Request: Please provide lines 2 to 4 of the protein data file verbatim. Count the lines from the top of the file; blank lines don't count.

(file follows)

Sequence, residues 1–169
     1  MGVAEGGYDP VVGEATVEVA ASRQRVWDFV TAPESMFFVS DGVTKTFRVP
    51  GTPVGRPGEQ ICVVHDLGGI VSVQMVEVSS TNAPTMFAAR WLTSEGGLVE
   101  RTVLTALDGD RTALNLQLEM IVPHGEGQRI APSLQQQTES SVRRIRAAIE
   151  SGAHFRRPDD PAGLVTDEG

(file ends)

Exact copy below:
     1  MGVAEGGYDP VVGEATVEVA ASRQRVWDFV TAPESMFFVS DGVTKTFRVP
    51  GTPVGRPGEQ ICVVHDLGGI VSVQMVEVSS TNAPTMFAAR WLTSEGGLVE
   101  RTVLTALDGD RTALNLQLEM IVPHGEGQRI APSLQQQTES SVRRIRAAIE